When it comes to shooting, we are constantly dismantling, transporting, installing and tinkering our kits, and more often than not our time is being squeezed. As a result, we have selected ten accessories that make life easier and productions more efficient – all for a small cost!
1- Tripod Plate Flathead Screwdriver
Are you constantly attempting to dig out a coin to detach your camera plates, which of course are never universal? Are you tired of carrying around a big screwdriver? Here are solutions that will save you from searching your pockets and more often that not pulling your hair out also. The first one can be purchased via the United States on Adorama or B&H, and is called the Rabbit Key RBTK01. The idea is so simple that you wonder why it wasn’t copied. It is simply a keyring whose flathead fits all Kodak screws (1/4 – 1/3). You attach it to your keys and you’re gone are the days of searching for a coin! You can get it here for less than $10
The other solution is to use a mini screwdriver designed for this purpose, such as the Tom Pouce Akor. It can also be attached to a set of keys. Although less discreet, it offers a better grip and a better tightening torque. You can find this here for just under 20 Euros. Finally, another inexpensive solution is to replace all Kodak screws with the same ones, but with an integrated ring, as shown in the below image. As a result, you will no longer need any tools to fix your devices onto tripods. These can be purchased via Amazon.
2- Cable Management
How often have you had difficulties with cabling? The art of rolling them up without tangling them, of storing them properly for the next time they are to be used requires almost a diploma of some kind. Fortunately however, there is a great accessory that should be placed on every cable, and that is simply velcro in the form of perforated strips (velcro straps). Just attach them to the connector at the end of each cable. With the latter rolled up, it is then enough to close the loop to maintain everything without the slightest knot. Velcro straps of course come in all sizes – be it to manage 50 metre BNC/XLR cable runs, or to attach to a simple USB power supply. Most importantly of all, it costs almost nothing and are widely accessible to purchase.
3- Tooling – three essential tools
For the basic tools, we’re not going to compromise therefore in light production, the main thing is three tools. The first is the famous Leatherman, the second is the Gaffer Tape and the third is the hexagonal/torx key set. Of course, video production needs are quite large, but having this field of tools is enough to help you in most shooting situations, as long as you are not a set designer or quite literally a Gaffer!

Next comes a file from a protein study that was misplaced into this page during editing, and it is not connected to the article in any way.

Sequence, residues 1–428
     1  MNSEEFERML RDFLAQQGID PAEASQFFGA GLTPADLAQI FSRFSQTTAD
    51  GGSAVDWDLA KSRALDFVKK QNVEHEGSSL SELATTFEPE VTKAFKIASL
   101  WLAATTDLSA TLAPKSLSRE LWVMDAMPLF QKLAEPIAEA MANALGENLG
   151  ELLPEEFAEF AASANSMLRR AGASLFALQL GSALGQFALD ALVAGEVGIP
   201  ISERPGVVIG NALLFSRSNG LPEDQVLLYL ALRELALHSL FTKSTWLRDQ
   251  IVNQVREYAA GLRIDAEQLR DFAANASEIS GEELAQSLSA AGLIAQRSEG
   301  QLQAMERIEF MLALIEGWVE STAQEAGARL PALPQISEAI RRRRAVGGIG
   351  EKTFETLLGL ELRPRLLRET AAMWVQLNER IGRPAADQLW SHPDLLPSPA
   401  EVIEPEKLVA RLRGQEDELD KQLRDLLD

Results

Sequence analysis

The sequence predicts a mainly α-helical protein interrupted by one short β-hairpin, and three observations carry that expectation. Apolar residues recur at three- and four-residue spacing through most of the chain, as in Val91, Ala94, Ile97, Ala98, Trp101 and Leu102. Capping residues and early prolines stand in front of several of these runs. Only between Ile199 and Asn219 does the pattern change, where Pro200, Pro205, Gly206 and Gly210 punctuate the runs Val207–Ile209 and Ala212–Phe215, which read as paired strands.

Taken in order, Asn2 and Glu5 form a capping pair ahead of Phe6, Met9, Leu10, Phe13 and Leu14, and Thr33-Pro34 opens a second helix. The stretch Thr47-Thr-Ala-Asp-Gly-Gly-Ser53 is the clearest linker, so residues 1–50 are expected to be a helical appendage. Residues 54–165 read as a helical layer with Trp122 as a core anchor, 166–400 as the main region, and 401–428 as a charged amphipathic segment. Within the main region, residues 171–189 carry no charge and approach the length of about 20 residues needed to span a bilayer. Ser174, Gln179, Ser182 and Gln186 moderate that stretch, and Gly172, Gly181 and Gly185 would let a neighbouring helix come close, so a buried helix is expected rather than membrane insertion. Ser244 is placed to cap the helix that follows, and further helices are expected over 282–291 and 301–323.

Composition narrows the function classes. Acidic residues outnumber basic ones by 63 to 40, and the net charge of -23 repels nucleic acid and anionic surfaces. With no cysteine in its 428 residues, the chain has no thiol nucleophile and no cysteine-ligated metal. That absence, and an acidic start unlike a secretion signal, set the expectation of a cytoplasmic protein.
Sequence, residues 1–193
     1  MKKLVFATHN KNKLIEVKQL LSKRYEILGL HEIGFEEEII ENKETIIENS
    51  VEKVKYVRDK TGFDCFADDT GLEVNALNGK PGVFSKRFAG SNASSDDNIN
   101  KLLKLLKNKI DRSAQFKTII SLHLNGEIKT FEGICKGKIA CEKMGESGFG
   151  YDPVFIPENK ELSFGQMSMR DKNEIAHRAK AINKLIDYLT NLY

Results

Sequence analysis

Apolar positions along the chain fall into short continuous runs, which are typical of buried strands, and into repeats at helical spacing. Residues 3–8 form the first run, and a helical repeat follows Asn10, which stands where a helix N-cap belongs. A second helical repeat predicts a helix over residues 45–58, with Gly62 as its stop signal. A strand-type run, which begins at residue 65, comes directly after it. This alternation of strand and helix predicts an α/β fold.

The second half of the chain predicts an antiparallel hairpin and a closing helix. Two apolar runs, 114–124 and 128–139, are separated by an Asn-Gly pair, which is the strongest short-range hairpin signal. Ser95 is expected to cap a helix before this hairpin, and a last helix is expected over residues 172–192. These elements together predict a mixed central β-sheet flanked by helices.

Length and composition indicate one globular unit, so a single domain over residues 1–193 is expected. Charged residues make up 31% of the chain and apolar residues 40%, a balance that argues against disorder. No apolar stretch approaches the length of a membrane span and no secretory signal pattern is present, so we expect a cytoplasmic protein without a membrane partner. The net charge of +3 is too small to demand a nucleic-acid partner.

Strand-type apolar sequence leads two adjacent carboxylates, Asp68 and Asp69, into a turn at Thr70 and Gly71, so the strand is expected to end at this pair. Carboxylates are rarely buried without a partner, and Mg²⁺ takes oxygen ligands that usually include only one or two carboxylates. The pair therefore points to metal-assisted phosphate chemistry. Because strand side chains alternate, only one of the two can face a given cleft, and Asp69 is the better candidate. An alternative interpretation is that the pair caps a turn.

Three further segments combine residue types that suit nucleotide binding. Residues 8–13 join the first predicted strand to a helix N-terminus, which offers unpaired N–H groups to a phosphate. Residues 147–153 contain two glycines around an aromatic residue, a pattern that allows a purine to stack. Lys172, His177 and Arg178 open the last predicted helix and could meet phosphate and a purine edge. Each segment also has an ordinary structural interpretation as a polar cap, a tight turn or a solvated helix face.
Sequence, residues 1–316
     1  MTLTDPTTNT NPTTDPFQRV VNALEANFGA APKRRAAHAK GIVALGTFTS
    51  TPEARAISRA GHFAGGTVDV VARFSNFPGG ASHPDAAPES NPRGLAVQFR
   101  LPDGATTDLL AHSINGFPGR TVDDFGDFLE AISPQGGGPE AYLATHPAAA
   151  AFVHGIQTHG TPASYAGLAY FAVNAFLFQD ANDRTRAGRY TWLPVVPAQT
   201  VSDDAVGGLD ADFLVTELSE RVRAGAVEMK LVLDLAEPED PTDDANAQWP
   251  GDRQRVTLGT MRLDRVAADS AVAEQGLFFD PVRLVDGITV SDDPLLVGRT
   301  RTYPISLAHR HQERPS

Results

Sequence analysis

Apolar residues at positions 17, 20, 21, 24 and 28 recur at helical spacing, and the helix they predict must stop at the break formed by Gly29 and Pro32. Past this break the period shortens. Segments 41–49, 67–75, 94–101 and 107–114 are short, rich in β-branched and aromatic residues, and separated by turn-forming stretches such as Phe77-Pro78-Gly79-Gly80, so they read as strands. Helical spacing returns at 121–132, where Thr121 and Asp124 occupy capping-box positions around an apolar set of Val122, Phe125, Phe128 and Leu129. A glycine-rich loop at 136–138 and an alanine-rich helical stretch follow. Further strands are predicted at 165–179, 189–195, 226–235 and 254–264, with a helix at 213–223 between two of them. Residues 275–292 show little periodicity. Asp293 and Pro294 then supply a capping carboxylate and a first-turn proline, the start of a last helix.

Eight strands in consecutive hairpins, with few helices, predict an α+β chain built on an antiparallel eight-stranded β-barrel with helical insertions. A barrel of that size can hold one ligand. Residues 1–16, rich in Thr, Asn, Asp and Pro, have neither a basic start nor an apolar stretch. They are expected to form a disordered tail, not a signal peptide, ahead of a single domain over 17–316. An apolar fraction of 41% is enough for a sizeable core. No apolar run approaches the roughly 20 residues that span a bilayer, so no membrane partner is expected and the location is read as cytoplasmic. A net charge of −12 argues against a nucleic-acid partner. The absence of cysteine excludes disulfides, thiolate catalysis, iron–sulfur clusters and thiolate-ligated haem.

First of all, the Leatherman. It is a universal tool similar to the Swiss Army knife, but in the form of a folding and lockable clamp. It can be used to cut or screw, and to us we see it as an accessory to always have in a pocket to solve all situations. It’s not cheap, but it will last a lifetime. If it comes to being manufacturer-specific, we personally prefer the Surge model or, failing that, the Wave+ model, which takes up less space.
The second is Gaffer Tape. Not only is it ultra-solid and leaves no trace when removed, it is also hand-cuttable. Its uses are infinite – be it to lay cables on the ground, to fix accessories, or to make up decorative elements on set. Dozens of groups exist on Facebook showing the craziest achievements with Gaffa Tape. You can grab it in pretty much any colour, including green for Chromakey, but black is the most versatile in our opinion. Just make sure that you be careful with the quality, as more often than not Gaffa Tape is imitated but not necessarily equalled.
The last essential tool is a set of hexagonal/torx key set, but in the form of something that can foldaway and is lightweight. The vast majority of video devices, such as tripods and gimbals for example, are fixed with screws of this type,
therefore it is essential to have a set of keys that allow you to tighten or disassemble on location. Again, this is something that can be purchased in a variety of professional camera resellers or even in sport shops, as bicycles use the same hardware.
When on location, more often than not you are unable to have extra light, which can be difficult when having to repair a connection. Sure, a headlamp can be used but this is not necessarily discreet, nor can it be swivelled when you are in a conference environment for example. The most useful therefore is a flashlight which has a silicon or rubber cover. The Maglite could be suitable, but the problem is that it is made of metal and to have both hands, you are tempted to hold it with your teeth! We therefore recommend the ultra-light pen lamps with a coating that will not damage the smile, like this one.